Monthly Archives: November 2013

My Teaching Manifesto

1.) I promise to give my students the choice they deserve in their reading and writing.  I will give them a genre to write in but let them choose what they will write about within that genre.  As a student, I dislike when a teacher gives me a prompt to write from.  I need more choice with what I write, that is when I write best.  My students will need this choice too.

2.) I promise to be available to my students.  Kids need someone they can rely on, someone they can trust.  I will be that person for them, and I will be as available as possible for my students.  Towards the end on my high school career, my teachers began to give out their personal information, like cell phone numbers and email addresses.  I will give my students this information on the very first day, making sure they have the resources to contact me if they have any issues.

3.) I promise to provide a safe learning environment for my students.  They need a place to play with words, to begin to understand their own writing styles, and to explore.  I will give this to ALL of my students.

4.) I promise to spend time talking and listening to my students.  I will get to know them as a person, not a number.  They deserve to be treated as a person, not a number that I am trying to improve.  I want them to see me as a teacher, a guide, but also a friend, someone they can depend on.  I want my students to be able to talk to me freely about their problems. (Seeing as I’m going into high school, this shouldn’t be a problem.)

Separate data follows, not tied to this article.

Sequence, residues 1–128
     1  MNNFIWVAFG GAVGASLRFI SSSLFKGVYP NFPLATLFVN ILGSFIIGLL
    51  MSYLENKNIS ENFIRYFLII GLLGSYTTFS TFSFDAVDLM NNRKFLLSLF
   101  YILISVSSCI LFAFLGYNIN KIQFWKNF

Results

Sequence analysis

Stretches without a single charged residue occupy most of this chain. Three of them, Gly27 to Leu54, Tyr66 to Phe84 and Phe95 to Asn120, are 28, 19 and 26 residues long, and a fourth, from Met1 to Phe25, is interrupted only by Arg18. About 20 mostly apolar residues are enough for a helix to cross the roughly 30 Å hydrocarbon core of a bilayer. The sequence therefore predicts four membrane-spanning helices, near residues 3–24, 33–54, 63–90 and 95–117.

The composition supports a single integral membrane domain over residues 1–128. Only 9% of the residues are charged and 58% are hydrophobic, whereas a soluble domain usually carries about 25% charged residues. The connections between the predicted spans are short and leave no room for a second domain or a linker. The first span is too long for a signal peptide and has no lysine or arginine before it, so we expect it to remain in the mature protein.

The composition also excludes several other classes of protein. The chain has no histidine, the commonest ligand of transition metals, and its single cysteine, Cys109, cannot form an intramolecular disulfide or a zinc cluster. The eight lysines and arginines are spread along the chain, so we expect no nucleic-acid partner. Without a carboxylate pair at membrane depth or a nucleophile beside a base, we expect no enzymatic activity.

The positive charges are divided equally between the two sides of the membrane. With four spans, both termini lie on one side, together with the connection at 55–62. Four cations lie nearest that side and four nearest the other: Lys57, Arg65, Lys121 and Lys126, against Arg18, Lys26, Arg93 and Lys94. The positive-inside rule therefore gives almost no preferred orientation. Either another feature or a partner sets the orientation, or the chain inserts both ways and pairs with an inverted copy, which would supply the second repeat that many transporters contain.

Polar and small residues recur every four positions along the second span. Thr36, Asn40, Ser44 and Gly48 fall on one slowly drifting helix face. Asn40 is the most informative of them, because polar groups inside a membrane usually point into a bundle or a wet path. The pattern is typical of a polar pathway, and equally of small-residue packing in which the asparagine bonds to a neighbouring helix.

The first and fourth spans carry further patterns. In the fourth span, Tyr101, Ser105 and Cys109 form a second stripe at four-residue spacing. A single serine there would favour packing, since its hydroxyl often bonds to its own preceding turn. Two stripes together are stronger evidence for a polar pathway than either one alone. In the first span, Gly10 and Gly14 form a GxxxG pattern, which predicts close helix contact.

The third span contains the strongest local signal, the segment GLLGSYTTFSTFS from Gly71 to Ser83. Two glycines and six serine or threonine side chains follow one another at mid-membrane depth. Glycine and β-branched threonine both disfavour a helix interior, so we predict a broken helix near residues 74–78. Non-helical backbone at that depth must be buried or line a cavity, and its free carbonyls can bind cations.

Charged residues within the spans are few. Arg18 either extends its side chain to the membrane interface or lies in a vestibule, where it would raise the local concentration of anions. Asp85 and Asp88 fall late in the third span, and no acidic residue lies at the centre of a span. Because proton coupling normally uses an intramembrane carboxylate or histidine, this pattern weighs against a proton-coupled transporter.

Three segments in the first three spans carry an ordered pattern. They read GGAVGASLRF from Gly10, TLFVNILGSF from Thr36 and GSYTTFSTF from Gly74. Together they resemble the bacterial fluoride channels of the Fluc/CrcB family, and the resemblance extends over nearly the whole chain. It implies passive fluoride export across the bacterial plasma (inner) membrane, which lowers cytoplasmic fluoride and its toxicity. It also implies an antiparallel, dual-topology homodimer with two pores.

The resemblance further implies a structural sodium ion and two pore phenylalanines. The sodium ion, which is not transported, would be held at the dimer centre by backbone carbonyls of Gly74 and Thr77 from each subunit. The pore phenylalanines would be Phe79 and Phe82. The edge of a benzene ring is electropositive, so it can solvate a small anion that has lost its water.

5.) I promise to give my students the tools and the response they need to improve as writers.  I will give EVERY student the tools they need, whether their classmates already have them or not.  I will promise to respond to each student paper, giving advice and not a bunch of red marks.

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Student Choice-How Much is Too Much?

We have all learned in our Methods class that students need choice.  I agree with this statement %100 but today I was wondering if giving students too much choice was a possibility.  Students will be more motivated to read or write if they get to choose what they read or write about.  That is a given, but if a teacher gives the students so much choice that they are overwhelmed with the possibilities it seems like it would be counter productive.  I have been in a class where the professor allowed the students to choice what they wanted to do for their final project.  Even though I took a relaxing deep breath when the professor said this to us in class, I felt overwhelmed after a while.  I had no idea what to do for my project and as the dead line drew closer I found myself asking classmates what they were doing so I could get an idea of the direction we were supposed to go in. 

I think that if a teacher gives students choice but also provides a general floor for the students to start on, the class will be happy and successful.  Students, especially high school students, need structure but room to grow and build that structure to fit their own beliefs and ideas.  I think that as a teacher, I will have to learn how to balance the control I have over the classroom and how much of the control I let the students have in their projects.